American Diplomacy
Commentary and Analysis

July 2002

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Southeast Asia Today

Amb. Palmer presents in this extended a tour d’horizon over an extended area of the world, drawing together an assessment of the region country-by-country both pre- and post-September 11, 2001. He adds a fascinating account of regional counter-terrorism intelligence activities in the wake of the 9/11 attack.— Ed.

"[T]he local security environment [in Southeast Asia] has changed substantially since the end of the Cold War in 1991. Communism was an external influence. The rise of the concept of an Islamic ummah or community stretching potentially from the Muslim provinces of Southern Thailand, through Malaysia, Singapore, the Southern Philippines and Indonesia is homemade."

I was among the observers of Southeast Asia who complained in 2001, before September 11, that the region had received inadequate attention by the 1991-2000 Clinton Administration. The complaint was that the United oStates had shifted its previous keen national security focus on the region to mere economics and reliance on the market forces of globalization that paid little attention to the underlying political, economic, and institutional weaknesses of the region. In doing so, the United States appeared to assume that the high economic growth rates of the region would somehow automatically promote democracy, human rights and better governance. Southeast Asia was a success story.

However, the 1997 financial crisis demonstrated that the region's rapid involvement in the world economy carried risks as well as rewards. Southeast Asia's still post-colonial, patrimonial -- even feudal ô -- political, economic, and financial institutions could not stand up to the onslaught of globalized capital markets and the IT Revolution. More dangerously, standard U. S.-backed IMF and World Bank free market-oriented standard solutions of deflation, deregulation, privatization, deregulation, and savage cuts in government spending had little apparent relevance to local leaderships that viewed these nostrums as politically destabilizing at best and evidence of unfeeling U. S. disinterest and cynicism at worst. Southeast Asia, which had been the prized U. S. godchild in the Cold War came to feel like the scorned U. S. stepchild in the post -Cold War period.

The human rights emphasis of U. S. policy toward Indonesia and Malaysia in particular appeared to ignore or to take inadequate account of the basic fragility of the socioeconomic situations in these nations. The authoritarian political systems the Unit çed States had previoualy tolerated, even encouraged, became the focus of U. S. human rights criticism.

U. S. standoffishness toward the region changed abruptly after September 11, 2001. Before detailing the changes, I will analyze the situations in individual countries in 2001 before the United States declaration of war on terrorism.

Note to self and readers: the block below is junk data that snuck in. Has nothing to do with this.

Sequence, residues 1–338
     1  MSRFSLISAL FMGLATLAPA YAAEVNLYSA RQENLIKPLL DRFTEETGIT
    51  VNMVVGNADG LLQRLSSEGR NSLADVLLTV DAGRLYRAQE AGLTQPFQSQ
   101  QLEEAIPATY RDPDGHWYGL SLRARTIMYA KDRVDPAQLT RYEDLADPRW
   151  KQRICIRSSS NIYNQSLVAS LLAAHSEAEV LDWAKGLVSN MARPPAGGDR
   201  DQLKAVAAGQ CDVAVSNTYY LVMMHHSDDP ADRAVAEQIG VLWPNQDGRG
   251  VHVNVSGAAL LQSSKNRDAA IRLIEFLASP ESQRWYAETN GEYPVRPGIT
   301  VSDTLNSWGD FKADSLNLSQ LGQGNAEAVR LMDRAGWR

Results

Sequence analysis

Before commencing that analysis, however, it is uaeful to recall that acts of political violence, including the use of terror, have a long history in the region. There was the 1948-1960 Emergency in British-ruled Malaya and Singapore caused by the power-seeking Chinese-led communist terrorists. Vietnam has been plagued by rural-urban and north-south tensions dating back at least to the eighteenth-century Nguyen Dynasty. These tensions were exploited by the communists during French rule, but persist under communist rule. Similar rural-urban tensions were exploited b 'y Thai communists from 1945 until the 1970s, when Peking withdrew its support of the Thai communist party. The Philippines has had three areas of historic strife: Luzon, the Visayas, and the Muslim South, including Mindanao. The Huk movement in Luzon arose from farmer dissatisfaction with landlordism. The Huks have been succeeded by the New People's Army. The islands of the central area of the Philippine archipelago are called, collectively, the Visayas, and were the victims of annual bloody raids by Muslim Moros from Mindanao in the Spanish era after Christianity was introduced in the fifteenth century. Christianity pushed south relentlessly, however, and by the beginning of the twentieth century American era, Mindanao was reported to be twenty-five percent Muslim. Muslims now reportedly still r Iepresent only twenty-five percent of the Mindanao population. Muslims have been in rebellion in the south since the President Ferdinand Marcos Administration of the early 1970s. Indonesia has a modern history of rebellions including the Communist-inspired 1926 and 1948 Madiun Rebellions and the September 30, 1965, Rebellion. However, the 1948-1963 Darul Islam uprising resulted in the most death and destruction. Burma (Myyanmar) has had virtually continuous anti-government armed opposition by political groups of all stripes, including communists.

I'll stop there. The point is that political Islam is the current face of violence in Southeast Asia but it is only the most recent expression of historical forces with complex roots.


Dr. Mahathir bin Mohamad became Malaysian prim Ûe minister in 1981 and began an aggressive program of attempting to transform the nation, particularly to uplift its ethnic Malay core, constituting fifty-eight percent of the population (Chinese are thirty-eight percent of the nation.). Malays were still predominantly rural subsistence farmers in 1981. The Chinese were mainly urban dwellers and they dominated the economy. By 1999, after eighteen years of rule, Dr. Mahathir's affirmative action education and economic programs to create "Malay Millionaires" had successfully transformed Malay status and enabled them to command the heights of the economy. The political vehicle through which this had been accomplished was the Mahathir-led United Malays National Organization (UMNO), which dominated t he Barisan Nasional (National Front) of the three conservative communally based ethnic parties: UMNO, the Malaysian Chinese Association (MCA), and the Malaysian Indian Congress (MIC).

Mahathir led the National Front to a smashing victory in the 1995 elections, its fourth in his tenure, maintaining as usual a two-thirds parliamentary majority. However, the shock of the 1997 financial crisis emboldened Mahathir's deputy Anwar Ibrahim and his supporters to challenge the prime minister politically. Mahathir's response was to jail Anwar in 1998 on questionable charges. The United States vigorously challenged the jailing. However, Mahathir was determined to stay in power and rejected American and other protests over his treatment of Anwar.

Meanwhile, the Islamist PAS party bec Éame the leading challenger of UMNO for the Malay vote. PAS opposed the secularist UMNO and proposed instead the establishment of an Islamic state based on Muslim religious law. Other more militant Muslim factions also challenged UMNO. There were perhaps as many as forty or so groups, some of which advocated and practiced terrorism.